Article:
When should someone NOT apply for a position?
When one lacks the required qualifications.
If the position is in a location to which the applicant is not willing to move.– J. McRee (Mac) Elrod, Special Libraries Catalouging
Don’t apply for any position for which you can’t make the case that your skills match it. When we have openings for a teen librarian, someone with early literacy chops only or a tech services background won’t even make the first cut unless the candidate can clearly show that they have outstanding relevent experience with the clientele. That is the biggest mistake I see. If you don’t quite have the required degree or the years of experience, it is fine with us if you apply – again, as long as you can show that the skills you bring actually match the advertised job you will be considered. As always, the cover letter is where you can make your case on how your skills would answer the posted position. If you can’t make that match, you waste both your time and the time of the potential employer.– Marge Loch-Wouters, Youth Services Coordinator, La Crosse (WI) Public Library
This seems to be a common sense thought, but if someone does not meet the qualifications by any stretch of the imagination, they should not apply. Yes, there is some room for leeway — maybe you only have 2 years of experience instead of 3, but it was really great experience. That’s fine, especially if you meet the other qualifications. I’ve seen some applications where just a couple of the qualifications are met, and those don’t get a second glance.I’ve also had a few applicants whose schedules simply did not work — this mostly applies to part-time hiring. If you are only available after 6pm, and we close at 8 … it’s not going to work. Some full-time jobs require weekend or evening hours. If you’re never available for these, don’t apply.– Marleah Augustine, Adult Department Librarian at Hays Public Library
The obvious answer to this one, is to only apply to jobs for which you are well qualified (and therefore stand a good chance of being invited to interview). The problem is, it isn’t always obvious which jobs those are!Sometimes it is clear. For example, if you have recently graduated and have 1 year’s pre-qualification experience as a library assistant, there is little point applying for a job as a Library Director calling for 10yrs+ experience including staff and budget management.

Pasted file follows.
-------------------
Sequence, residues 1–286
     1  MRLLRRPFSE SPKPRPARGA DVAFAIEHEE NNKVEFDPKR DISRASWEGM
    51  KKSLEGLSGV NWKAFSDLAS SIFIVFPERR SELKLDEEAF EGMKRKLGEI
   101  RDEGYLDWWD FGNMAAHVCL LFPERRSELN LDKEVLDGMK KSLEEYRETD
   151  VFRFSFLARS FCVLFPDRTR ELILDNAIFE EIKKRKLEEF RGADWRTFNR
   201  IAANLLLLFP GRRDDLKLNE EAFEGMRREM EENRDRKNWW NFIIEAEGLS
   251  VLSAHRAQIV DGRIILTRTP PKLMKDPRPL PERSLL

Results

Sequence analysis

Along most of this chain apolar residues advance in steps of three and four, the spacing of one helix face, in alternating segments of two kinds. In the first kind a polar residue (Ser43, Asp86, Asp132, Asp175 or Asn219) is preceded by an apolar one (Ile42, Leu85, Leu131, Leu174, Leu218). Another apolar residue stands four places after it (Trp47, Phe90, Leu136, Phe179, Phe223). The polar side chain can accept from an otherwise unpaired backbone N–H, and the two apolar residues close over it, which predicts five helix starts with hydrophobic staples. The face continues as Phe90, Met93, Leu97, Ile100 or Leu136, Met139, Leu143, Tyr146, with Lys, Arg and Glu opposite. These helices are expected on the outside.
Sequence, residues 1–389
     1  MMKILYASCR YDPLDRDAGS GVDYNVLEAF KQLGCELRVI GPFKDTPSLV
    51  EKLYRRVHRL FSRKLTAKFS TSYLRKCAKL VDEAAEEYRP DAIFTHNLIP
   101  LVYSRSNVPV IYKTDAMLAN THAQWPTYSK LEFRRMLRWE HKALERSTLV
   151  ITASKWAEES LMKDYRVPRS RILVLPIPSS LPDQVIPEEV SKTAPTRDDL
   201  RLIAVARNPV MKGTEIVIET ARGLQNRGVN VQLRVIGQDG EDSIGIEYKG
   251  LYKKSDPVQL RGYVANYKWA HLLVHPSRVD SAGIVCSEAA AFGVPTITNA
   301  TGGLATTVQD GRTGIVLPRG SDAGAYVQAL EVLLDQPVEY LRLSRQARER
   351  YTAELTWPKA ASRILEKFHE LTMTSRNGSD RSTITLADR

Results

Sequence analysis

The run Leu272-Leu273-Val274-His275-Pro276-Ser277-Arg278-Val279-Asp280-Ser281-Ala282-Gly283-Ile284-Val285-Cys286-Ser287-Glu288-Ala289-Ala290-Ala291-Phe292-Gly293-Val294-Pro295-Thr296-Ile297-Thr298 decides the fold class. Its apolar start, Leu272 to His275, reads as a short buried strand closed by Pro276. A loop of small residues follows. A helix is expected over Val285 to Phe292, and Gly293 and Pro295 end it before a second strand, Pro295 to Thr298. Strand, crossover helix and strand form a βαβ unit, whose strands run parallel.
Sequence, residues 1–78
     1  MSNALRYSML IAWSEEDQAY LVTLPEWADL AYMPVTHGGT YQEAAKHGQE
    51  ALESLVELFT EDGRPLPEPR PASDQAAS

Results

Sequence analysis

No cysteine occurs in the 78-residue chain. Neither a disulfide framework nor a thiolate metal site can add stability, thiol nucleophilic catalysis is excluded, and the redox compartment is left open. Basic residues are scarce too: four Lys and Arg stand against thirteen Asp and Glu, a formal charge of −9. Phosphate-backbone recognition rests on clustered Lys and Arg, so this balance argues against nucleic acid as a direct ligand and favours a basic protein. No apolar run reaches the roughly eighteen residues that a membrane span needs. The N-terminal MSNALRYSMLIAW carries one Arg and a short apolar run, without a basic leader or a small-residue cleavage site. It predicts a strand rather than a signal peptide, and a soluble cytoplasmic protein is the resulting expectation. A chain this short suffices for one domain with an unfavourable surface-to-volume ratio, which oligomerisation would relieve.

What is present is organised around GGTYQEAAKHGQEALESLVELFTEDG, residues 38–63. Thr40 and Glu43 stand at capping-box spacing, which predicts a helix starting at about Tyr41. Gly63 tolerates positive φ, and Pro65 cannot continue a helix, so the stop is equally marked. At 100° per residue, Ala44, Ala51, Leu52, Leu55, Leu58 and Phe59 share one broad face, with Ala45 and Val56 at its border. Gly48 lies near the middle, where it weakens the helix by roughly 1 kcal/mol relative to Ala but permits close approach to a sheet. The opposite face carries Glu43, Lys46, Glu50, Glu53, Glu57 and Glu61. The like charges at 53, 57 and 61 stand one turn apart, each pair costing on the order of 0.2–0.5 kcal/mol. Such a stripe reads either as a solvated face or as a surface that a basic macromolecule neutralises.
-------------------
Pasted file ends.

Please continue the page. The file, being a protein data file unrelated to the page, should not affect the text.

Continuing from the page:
On the other hand, if a role is quite close to something you have done before, or is a very similar job but in a different industry sector, or uses the same skill set in a new way, then it can be much less clear whether you should apply or not.
A good rule of thumb is, can you give specific examples of work you have done that match 70-75% of the duties listed in the job description? If you can do this for 100% of the job – in other words, you can clearly do the role ‘standing on your head’ – then employers may feel you will have no scope for development (and so may leave quickly for something more challenging) or think that you will expect an amount near the top of their salary range (and so may leave quickly for something better paid). On the other hand, if you can only show you’ve done 50% or less of the job, then hirers may decide you would need too much investment in terms of training, on the job coaching, etc.
A good balance is that you can comfortably do the majority of the job from day one, and so can contribute value quickly, while still having some room for growth and development left, giving you interest and challenge and justifying pay increases.
If you want to apply for a job that’s in a different industry sector, then there are two things you can do to increase your chances of getting an interview. Firstly, make sure you clearly show how your skills and experiences can be transferred and are applicable in the new situation. Secondly, find out what kind of jargon terms the new industry uses for the things you have done – and then use those terms (rather than the ones used by your current company / industry sector) to write about your job duties and achievements. In other words, talk their language.– Nicola Franklin, Director, The Library Career Centre Ltd.
If you are not qualified for a position (don’t meet the minimum qualifications) and can’t even make a case for having the qualifications, don’t bother applying. If you don’t really want the job in question, but you just want to work at the library in question, please don’t apply. We will not keep your application on file for other positions. You are wasting the time of 4-6 people on the search committee.– Laurie Phillips, Associate Dean for Technical Services, J. Edgar & Louise S. Monroe Library, Loyola University New Orleans
Thank you as always to our contributors for their time and insight. If you’re someone who hires librarians and are interested in participating in this feature, please email me at hiringlibrariansATgmail.com.
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